WASHINGTON (SBG) – During a news conference at the White House Wednesday, a White House staffer attempted several times to pull a microphone away from CNN reporter Jim Acosta.

The spar between the two ended with President Donald Trump calling the reporter “a rude, terrible person.”

The exchange began when Acosta questioned the president on his characterization of the migrant caravan, calling the group an “invasion.”

Trump stated that he stood by his remarks and views the group traveling to the U.S.-Mexico border as an “invasion,” adding that he would prefer if the migrants came into the country legally.

Acosta then asked the president about the controversial ad his campaign produced showing migrants climbing over a border fence.

“Well, they weren’t actors,” Trump said.

As the president gave his response to the CNN reporter, a woman in a red dress can be seen moving up the aisle. She then crouched beside Acosta as the exchange continued.

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New Smithsonian exhibit explores pandemics and infectious diseases

WASHINGTON (Circa) – The new Smithsonian exhibit called “Outbreak: Epidemics in a Connected World,” will explore the ecology of epidemics.

In particular, how pathogens might move from nature and wildlife to humans and tracking those outbreaks over a period of time.
The exhibit opens nearly 100 years after the Great Influenza pandemic, which took the lives of roughly 3 and 5 percent of the population, according to the Smithsonian.
“Exploring pandemic risks in this ecological context is part of our mission as a museum to understand the natural world and the place of humans within it,” said Kirk Johnson, the Sant Director of the National Museum of Natural History in a statement.
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Senators strive to simplify the federal student loans process

WASHINGTON (Sinclair Broadcast Group) – Senators met Thursday to evaluate ways to improve and simplify student loans for higher education.

The Senate Committee on Health, Education Labor & Pensions met to specifically address the Reauthorizing the Higher Education Act. The act was first signed into law in 1965 by Lyndon B. Johnson and required providing federal assistance for students pursuing post-secondary and higher education.

The Free Application for Federal Student Aid (FAFSA) “manages the student financial assistance programs authorized under Title IV of the Higher Education Act of 1965,” according to their website.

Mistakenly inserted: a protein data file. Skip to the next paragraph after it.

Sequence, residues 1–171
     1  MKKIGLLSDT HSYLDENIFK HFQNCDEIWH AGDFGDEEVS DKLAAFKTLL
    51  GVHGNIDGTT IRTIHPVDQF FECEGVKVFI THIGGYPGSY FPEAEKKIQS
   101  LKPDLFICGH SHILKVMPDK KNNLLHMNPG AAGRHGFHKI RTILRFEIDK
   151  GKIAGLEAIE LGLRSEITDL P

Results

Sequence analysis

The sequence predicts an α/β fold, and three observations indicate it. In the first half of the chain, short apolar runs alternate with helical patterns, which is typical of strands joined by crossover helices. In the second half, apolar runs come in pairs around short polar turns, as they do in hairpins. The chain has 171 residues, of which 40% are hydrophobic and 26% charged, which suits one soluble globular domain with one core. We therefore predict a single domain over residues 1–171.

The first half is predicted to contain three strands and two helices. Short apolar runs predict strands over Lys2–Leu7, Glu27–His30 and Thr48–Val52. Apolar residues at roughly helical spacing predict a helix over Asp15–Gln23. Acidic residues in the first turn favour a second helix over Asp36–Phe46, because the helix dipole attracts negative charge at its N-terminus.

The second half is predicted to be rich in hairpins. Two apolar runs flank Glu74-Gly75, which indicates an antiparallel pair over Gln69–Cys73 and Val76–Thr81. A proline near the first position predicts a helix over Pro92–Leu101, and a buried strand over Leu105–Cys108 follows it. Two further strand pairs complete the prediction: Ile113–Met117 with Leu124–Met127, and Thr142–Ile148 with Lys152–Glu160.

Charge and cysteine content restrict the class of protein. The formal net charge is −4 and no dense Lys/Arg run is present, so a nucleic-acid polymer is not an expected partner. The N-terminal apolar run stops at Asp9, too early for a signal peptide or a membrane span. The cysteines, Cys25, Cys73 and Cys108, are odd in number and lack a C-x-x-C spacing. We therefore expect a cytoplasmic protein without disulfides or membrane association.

However, for years lawmakers and politicians from both sides of the aisle have sharply criticized the need to simplify the application process and provide transparency for the system in place.

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Lawmakers demand answers from Boeing, SpaceX over delays in space program

WASHINGTON (Sinclair Broadcast Group)- Lawmakers on Capitol Hill gathered Wednesday to evaluate the progress National Aeronautics and Space Administration (NASA), Boeing and SpaceX have made in developing a spacecraft to carry astronauts to the International Space Station and beyond.

Since the end of NASA’s shuttle program in 2011, the space agency has sent their astronauts to the ISS via Russian Soyuz rockets. The price tag for a round-trip ticket per astronaut is more than $80 million, according to a Government Accountability Office Report. However, the contract with the Russian Federal Space Agency (Roscocosmos) may lead to a gap in presence of United States astronauts on the ISS.

“NASA’s contract with Roscosmos permits it to delay the use of the final seat by up to 6 months to late spring 2019, with a return flight approximately 6 months later. NASA has not yet developed a contingency plan to ensure an uninterrupted presence on the ISS should the Commercial Crew Program experience further delays,” the report stated.

The House Science, Space and Technology Committee’s Subcommittee on Space invited witnesses from Boeing Space Exploration, NASA, SpaceX and the U.S. Government Accountability Office to Wednesday’s hearing. This was the subcommittee’s second hearing in three months to follow up on projects devoted to the future of human spaceflight. In Nov. 2017, the subcommittee met and discussed the Space Launch System (SLS), the Orion crew vehicle, and improvements to ground infrastructure for those projects.

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Senators re-evaluate how to achieve democracy in Syria

WASHINGTON (Sinclair Broadcast Group) – The Senate Foreign Relations Committee met Thursday to evaluate the United States’ approach to policy in Syria.